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The standard of care for chronic tendinopathy primarily targets a localized area of tendon pain, but this strategy is ineffective for up to 40% of patients with chronic Achilles tendinopathy. An emerging field of research indicates that changes in the central nervous system (CNS) contribute to pain in patients with orthopaedic injuries, such as tendinopathy. Yet the current standard of care for Achilles tendinopathy does not evaluate or treat CNS pain mechanisms. This study proposes a more global approach by evaluating and treating alterations in how the central nervous system processes chronic tendinopathy pain.
This study proposes 2 independent studies to test how altered processing within the CNS contributes to chronic Achilles tendinopathy (AT) pain.
Specific Aim 1.1 compares measures of altered central processing in patients with chronic AT to adults without chronic pain.
Specific Aim 1.2 determines which indicators of altered central processing persist after a local anesthetic injection eliminates peripheral nociception at the site of AT pain in patients with chronic AT.
Specific Aim 2.1 examines if the addition of pain education to an exercise program for AT is more effective at reducing pain and disability than exercise alone using a randomized controlled trial (RCT) design.
Specific Aim 2.2 determines which indicators of altered central processing are improved by the addition of pain education to an exercise intervention.
Ages Eligible for Study: 18 Years and older (Adult, Older Adult)
Sexes Eligible for Study: All
Accepts Healthy Volunteers: No
- Primary source of pain localized to Achilles tendon insertion or midportion
- Localized pain at least 3/10 in the Achilles tendon (midportion, insertion, unilateral or bilateral) during walking, heel raises, or hopping
- Pain that increases (> or =1 point on 11-point scale) with increasing load
- Younger than 18 years of age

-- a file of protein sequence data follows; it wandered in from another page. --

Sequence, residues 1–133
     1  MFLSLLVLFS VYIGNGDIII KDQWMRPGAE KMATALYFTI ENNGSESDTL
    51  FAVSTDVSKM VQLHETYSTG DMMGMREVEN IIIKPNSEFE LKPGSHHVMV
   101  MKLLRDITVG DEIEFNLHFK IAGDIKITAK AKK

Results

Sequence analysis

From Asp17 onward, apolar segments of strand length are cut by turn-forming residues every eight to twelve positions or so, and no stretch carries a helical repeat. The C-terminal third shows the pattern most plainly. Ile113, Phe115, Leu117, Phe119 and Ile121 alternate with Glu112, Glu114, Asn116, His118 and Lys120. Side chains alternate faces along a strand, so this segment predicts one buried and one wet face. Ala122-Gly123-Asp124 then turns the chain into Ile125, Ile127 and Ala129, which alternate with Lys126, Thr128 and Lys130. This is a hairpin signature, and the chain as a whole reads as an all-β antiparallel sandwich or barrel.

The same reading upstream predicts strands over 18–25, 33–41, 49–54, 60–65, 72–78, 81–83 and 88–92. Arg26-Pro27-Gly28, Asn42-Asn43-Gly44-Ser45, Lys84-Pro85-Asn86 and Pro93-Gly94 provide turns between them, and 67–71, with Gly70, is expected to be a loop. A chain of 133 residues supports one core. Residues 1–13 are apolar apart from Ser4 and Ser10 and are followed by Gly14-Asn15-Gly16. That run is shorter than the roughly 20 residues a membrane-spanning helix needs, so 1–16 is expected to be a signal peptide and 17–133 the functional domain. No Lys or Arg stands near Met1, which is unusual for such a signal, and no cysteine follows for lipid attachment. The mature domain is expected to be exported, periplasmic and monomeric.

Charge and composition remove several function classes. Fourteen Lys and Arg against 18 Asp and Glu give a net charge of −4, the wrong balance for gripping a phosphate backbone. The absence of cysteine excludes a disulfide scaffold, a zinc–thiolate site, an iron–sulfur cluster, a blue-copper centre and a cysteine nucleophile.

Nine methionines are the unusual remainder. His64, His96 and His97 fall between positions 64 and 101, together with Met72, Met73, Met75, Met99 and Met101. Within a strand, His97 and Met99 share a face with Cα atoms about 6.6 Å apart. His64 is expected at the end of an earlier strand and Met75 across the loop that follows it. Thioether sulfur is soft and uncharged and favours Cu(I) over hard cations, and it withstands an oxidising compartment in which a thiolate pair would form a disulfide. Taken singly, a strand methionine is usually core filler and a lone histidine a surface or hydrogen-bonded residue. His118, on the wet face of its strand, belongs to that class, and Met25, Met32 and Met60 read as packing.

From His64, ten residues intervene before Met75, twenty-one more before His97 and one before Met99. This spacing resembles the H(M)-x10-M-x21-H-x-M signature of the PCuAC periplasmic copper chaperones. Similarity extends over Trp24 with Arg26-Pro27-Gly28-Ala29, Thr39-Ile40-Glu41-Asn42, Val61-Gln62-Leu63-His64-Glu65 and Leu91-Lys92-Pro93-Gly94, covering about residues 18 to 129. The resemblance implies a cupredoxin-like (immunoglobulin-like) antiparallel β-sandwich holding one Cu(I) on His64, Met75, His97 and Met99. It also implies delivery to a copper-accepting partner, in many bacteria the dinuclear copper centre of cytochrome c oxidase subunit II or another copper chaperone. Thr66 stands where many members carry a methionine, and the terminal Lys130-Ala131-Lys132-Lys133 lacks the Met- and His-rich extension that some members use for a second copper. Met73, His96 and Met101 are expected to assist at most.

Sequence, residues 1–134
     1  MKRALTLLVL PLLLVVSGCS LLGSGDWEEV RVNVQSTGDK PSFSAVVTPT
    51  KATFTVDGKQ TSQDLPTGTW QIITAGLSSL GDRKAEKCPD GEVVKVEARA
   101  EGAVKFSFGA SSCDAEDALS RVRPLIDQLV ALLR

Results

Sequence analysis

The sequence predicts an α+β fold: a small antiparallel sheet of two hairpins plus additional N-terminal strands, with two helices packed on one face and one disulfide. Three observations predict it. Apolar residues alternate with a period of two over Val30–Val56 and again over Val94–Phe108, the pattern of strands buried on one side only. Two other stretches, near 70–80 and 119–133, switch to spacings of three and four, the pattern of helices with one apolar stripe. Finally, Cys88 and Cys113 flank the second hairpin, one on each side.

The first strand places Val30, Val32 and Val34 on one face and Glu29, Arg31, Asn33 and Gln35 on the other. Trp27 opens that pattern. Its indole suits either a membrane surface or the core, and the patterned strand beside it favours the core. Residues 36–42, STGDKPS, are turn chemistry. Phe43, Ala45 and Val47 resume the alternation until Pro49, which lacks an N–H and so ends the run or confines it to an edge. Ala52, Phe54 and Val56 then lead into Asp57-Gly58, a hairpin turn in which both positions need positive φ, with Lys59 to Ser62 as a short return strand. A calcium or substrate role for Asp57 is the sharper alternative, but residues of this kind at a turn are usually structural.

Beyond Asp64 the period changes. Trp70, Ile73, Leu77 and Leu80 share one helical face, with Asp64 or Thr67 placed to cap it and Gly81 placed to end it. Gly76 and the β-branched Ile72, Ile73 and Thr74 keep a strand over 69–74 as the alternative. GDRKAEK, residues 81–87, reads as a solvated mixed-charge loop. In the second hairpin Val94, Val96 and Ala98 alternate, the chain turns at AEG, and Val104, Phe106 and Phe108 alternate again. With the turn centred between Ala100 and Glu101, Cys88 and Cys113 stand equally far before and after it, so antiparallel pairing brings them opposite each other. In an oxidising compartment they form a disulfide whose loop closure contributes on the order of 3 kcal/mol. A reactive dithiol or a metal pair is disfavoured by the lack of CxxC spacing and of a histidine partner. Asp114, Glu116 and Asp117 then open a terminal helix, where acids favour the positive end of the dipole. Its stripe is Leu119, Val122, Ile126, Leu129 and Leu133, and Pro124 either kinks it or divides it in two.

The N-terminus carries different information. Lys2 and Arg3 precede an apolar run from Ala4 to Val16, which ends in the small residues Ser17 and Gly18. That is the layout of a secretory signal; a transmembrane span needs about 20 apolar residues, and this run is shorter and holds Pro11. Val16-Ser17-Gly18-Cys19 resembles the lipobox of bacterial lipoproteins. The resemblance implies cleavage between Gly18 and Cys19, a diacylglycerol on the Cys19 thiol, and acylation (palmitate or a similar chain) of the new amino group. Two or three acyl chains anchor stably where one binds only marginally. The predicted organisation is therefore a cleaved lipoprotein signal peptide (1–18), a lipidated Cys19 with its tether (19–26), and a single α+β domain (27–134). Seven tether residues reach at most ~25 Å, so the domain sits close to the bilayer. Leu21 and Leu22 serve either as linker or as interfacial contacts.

- Inability to read and write in English
- Achilles tendon pain for less than 3 months
- History of Achilles tendon rupture that was verified with surgical or conservative management
- History of invasive intervention (surgery, tenex) for AT on more painful side
- Non-invasive treatment for AT (e.g. injection, physical therapy, iontophoresis, nitroglycerine patch) in the past 3 months
- Diagnosed systemic inflammatory conditions (e.g. rheumatoid arthritis, ankylosing spondylitis), endocrine disorders with complications (e.g. uncontrolled type 1 or II diabetes, diabetic neuropathy), connective tissue disorder (e.g. Marfan's syndrome)
- Cardiovascular conditions that may be exacerbated by a 90 second submersion of hand in cold water (Raynaud's, cold contact uticaria)
- History of taking fluoroquinolones within the past 3 months.
- Foot and ankle pain primarily due to other pathology, such as posterior impingement, bursitis, paratendonitis, sural nerve injury, ankle osteoarthritis, or radicular/referred symptoms (pain, altered sensation, weakness, altered reflexes) from lumbar spine into lower extremities
- Four step square test >15 seconds
Intervention Model: Parallel Assignment
Masking: Double (Participant, Outcomes Assessor)
Primary Purpose: Treatment
University of Iowa, Iowa City, Iowa, United States, 52242